Normally this method leaves the elements at up to index - 1, inclusive, untouched. Under these circumstances, it returns null.

Occasionally, in order to maintain the heap invariant, it must swap a later element of the list with one before index. Under these circumstances it returns a pair of elements as a MinMaxPriorityQueue.MoveDesc. The first one is the element that was previously at the end of the heap and is now at some position before index. The second element is the one that was swapped down to replace the element at index. This fact is used by iterator.remove so as to visit elements during a traversal once and only once.

  @VisibleForTesting MoveDesc<E> removeAt(int index) {
    checkPositionIndex(index);
    ++;
    --;
    if ( == index) {
      [] = null;
      return null;
    }
    E actualLastElement = elementData();
    int lastElementAt = heapForIndex()
        .getCorrectLastElement(actualLastElement);
    E toTrickle = elementData();
    [] = null;
    MoveDesc<E> changes = fillHole(indextoTrickle);
    if (lastElementAt < index) {
      // Last element is moved to before index, swapped with trickled element.
      if (changes == null) {
        // The trickled element is still after index.
        return new MoveDesc<E>(actualLastElementtoTrickle);
      } else {
        // The trickled element is back before index, but the replaced element
        // has now been moved after index.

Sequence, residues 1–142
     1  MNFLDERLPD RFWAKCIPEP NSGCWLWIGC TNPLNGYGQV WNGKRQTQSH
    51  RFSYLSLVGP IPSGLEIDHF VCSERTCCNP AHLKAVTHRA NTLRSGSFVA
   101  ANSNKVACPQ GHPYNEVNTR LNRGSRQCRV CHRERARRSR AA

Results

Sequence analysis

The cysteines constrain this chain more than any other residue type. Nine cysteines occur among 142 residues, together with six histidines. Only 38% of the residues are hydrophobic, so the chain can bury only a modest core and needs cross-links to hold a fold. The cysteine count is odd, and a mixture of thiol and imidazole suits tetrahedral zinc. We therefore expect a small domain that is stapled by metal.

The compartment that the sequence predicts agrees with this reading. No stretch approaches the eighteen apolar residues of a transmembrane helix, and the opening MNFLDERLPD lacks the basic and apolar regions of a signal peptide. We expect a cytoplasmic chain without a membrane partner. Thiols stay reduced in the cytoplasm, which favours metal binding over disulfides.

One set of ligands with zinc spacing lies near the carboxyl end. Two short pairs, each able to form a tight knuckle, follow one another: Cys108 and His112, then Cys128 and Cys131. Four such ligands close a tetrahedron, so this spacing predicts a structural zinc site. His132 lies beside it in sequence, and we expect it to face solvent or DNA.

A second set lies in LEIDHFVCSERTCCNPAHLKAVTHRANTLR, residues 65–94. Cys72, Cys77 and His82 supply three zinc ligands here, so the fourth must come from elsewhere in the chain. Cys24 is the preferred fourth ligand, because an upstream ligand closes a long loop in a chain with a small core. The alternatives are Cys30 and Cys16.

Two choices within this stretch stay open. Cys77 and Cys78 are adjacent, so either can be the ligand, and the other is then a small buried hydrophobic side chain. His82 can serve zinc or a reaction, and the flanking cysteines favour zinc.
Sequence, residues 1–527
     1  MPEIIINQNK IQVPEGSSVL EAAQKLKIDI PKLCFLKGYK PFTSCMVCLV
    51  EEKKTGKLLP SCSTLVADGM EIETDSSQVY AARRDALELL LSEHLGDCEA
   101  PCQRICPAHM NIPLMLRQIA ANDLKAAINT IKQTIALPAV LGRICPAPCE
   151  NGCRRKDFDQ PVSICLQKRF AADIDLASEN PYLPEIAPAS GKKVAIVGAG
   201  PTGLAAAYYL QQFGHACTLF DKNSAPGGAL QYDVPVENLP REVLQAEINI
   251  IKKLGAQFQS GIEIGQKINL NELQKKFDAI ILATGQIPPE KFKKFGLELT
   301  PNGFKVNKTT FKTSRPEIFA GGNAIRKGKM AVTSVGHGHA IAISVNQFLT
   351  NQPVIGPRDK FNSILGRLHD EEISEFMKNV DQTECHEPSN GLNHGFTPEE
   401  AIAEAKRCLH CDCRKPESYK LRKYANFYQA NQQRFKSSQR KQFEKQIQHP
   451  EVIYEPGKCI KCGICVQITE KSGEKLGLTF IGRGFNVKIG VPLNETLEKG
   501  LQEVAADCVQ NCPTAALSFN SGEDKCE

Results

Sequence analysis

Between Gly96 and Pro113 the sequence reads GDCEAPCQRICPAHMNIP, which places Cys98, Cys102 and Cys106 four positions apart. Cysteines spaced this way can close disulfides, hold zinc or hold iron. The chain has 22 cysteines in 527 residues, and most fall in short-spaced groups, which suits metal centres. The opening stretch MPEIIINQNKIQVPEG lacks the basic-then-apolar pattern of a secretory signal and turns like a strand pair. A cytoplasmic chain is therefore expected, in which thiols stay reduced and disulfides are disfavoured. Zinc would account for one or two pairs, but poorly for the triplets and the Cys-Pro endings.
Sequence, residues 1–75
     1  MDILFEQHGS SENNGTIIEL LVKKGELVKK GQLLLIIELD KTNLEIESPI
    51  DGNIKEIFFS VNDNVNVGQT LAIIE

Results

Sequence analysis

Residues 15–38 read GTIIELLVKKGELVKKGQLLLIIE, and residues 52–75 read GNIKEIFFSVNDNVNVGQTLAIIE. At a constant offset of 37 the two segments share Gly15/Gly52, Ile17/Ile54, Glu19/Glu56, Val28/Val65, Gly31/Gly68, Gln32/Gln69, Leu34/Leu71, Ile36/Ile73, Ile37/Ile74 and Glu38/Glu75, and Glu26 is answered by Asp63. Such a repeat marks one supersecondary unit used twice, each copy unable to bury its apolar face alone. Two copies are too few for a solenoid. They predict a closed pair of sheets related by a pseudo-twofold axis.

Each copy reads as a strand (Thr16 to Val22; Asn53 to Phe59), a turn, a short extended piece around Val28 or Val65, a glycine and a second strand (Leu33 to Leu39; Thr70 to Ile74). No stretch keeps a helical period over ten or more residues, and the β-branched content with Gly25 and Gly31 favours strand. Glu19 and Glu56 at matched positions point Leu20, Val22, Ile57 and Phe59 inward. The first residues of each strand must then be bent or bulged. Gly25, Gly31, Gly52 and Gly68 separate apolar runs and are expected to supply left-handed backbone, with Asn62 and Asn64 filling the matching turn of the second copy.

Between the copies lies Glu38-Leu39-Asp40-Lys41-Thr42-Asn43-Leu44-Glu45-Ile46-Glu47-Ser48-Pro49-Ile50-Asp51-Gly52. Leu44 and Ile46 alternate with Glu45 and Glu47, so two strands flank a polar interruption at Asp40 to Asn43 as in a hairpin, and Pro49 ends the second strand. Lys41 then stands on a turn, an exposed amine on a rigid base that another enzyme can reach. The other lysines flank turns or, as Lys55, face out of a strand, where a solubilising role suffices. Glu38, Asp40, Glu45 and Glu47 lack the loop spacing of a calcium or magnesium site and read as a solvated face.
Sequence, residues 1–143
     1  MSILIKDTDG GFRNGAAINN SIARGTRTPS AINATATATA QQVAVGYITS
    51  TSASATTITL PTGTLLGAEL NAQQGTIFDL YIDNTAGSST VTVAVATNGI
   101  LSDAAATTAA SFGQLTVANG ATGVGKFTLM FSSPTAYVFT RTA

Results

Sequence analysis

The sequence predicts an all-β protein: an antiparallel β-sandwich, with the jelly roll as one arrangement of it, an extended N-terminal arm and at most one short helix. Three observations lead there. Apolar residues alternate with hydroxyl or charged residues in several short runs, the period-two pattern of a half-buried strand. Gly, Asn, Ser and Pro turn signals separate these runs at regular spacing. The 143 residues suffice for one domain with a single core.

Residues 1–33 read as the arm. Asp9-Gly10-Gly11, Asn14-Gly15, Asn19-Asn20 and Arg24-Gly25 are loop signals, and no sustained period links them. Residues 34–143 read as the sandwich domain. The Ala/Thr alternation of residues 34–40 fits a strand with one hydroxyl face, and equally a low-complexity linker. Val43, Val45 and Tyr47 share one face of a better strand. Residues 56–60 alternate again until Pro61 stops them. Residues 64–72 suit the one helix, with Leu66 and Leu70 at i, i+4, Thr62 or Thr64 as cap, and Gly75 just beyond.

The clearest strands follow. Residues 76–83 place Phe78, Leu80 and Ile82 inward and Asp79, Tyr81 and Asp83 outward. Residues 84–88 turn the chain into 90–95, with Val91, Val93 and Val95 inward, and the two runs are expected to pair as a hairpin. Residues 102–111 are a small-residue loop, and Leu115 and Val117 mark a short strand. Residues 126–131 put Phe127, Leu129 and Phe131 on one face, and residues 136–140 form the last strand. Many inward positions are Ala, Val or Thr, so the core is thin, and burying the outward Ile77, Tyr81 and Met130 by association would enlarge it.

return new MoveDesc<E>(actualLastElementchanges.replaced);
      }
    }
    // Trickled element was after index to begin with, no adjustment needed.
    return changes;
  }
  private MoveDesc<E> fillHole(int index, E toTrickle) {
    Heap heap = heapForIndex(index);
    // We consider elementData(index) a "hole", and we want to fill it
    // with the last element of the heap, toTrickle.
    // Since the last element of the heap is from the bottom level, we
    // optimistically fill index position with elements from lower levels,
    // moving the hole down. In most cases this reduces the number of
    // comparisons with toTrickle, but in some cases we will need to bubble it
    // all the way up again.
    int vacated = heap.fillHoleAt(index);
    // Try to see if toTrickle can be bubbled up min levels.
    int bubbledTo = heap.bubbleUpAlternatingLevels(vacatedtoTrickle);
    if (bubbledTo == vacated) {
      // Could not bubble toTrickle up min levels, try moving
      // it from min level to max level (or max to min level) and bubble up
      // there.
      return heap.tryCrossOverAndBubbleUp(indexvacatedtoTrickle);
    } else {
      return (bubbledTo < index)
          ? new MoveDesc<E>(toTrickleelementData(index))
          : null;
    }
  }
  // Returned from removeAt() to iterator.remove()
  static class MoveDesc<E> {
    final E toTrickle;
    final E replaced;
    MoveDesc(E toTrickle, E replaced) {
      this. = toTrickle;
      this. = replaced;
    }
  }

  
Removes and returns the value at index.
  private E removeAndGet(int index) {
    E value = elementData(index);
    removeAt(index);
    return value;
  }
  private Heap heapForIndex(int i) {
    return isEvenLevel(i) ?  : ;
  }
  private static final int EVEN_POWERS_OF_TWO = 0x55555555;
  private static final int ODD_POWERS_OF_TWO = 0xaaaaaaaa;
  @VisibleForTesting static boolean isEvenLevel(int index) {
    int oneBased = index + 1;